This is the time of year when we explore and celebrate the “scary” side of our culture. But it’s generally done in such a lighthearted way these days that it’s really not scary at all – everyone knows it’s put on for show.
Here’s a tough question: What REALLY scares you? For real?
When you delve into those thoughts, most people come up with two different categories:
- Events which give you a temporary fear in the moment.
- Larger, longer term fears which make you want to not be an adult anymore.
In the first category would be the dread you would experience around public speaking, being embarrassed by making a mistake, or losing your child in the store. In each case, you know that it’s going to be a temporary situation that you will indeed live through, despite being stressful in the moment.
The second category would include the fear of terrorist acts, discrimination, aging, and – especially in the current economy – losing your job. In each case, your dread stems from the fact that you don’t have confidence that you WILL recover from the situation, or have any way to prevent it or mitigate the consequences.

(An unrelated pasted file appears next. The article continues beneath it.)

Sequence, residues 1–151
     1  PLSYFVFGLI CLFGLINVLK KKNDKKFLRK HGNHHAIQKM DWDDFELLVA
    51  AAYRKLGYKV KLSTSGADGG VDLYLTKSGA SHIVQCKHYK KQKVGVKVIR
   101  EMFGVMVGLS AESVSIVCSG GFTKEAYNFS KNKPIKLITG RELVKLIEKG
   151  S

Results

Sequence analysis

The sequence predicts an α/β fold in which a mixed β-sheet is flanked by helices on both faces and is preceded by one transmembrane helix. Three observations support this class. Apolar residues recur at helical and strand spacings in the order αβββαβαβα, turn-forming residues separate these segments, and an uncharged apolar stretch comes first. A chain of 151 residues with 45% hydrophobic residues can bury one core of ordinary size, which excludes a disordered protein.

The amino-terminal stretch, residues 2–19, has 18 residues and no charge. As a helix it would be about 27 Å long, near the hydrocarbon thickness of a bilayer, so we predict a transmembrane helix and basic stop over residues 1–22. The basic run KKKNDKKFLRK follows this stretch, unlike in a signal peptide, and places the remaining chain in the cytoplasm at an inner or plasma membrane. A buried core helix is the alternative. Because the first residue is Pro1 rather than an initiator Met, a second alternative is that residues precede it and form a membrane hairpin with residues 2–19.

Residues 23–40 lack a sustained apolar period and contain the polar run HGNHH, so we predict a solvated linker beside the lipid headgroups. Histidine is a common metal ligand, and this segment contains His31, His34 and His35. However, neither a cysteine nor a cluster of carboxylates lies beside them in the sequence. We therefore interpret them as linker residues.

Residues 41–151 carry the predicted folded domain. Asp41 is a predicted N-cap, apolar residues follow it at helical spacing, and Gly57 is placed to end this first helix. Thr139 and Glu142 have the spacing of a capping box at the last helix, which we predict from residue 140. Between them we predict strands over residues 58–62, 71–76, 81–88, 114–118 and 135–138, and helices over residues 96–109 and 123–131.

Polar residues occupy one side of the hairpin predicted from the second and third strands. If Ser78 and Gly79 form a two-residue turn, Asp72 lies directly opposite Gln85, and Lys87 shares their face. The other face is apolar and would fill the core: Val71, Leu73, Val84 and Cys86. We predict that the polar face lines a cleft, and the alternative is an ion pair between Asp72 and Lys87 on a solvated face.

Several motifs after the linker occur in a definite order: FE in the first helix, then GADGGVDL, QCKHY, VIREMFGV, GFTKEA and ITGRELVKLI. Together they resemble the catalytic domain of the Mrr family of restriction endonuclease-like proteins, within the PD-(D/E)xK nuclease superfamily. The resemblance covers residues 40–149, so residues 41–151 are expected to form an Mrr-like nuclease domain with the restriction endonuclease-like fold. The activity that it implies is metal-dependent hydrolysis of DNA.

Today, I challenge you to look at some of these nightmare scenarios, asking yourself the following questions:
- Is there any way that I could reduce the likelihood of this affecting my life? (For example, to counteract age discrimination you might invest more in keeping your skills up to date, or look for career paths in which your age is more of an asset than a liability.)
- Is there any way to reduce the damage done when a negative event happens? (For instance, your savings strategy directly affects your ability to recover if you lose a job.)
- What would I do differently if the event occurred? (You might focus on different people in your life, or take some time out to re-evaluate your life goals.)
- What would happen if you took some preventative action now? (You could invest in creating an alternate career path, or work on improving your health.)
What I find is that thinking through these scary situations, and sometimes developing alternatives and preventative courses, helps to make them a lot less daunting. There’s nothing that gives you nightmares more than having a fear of something which is vague and for which you have no course of action.
You may not be able to control everything that happens to you, but putting more intention into your actions and reactions will certainly help you to sleep at night.
by Carl Dierschow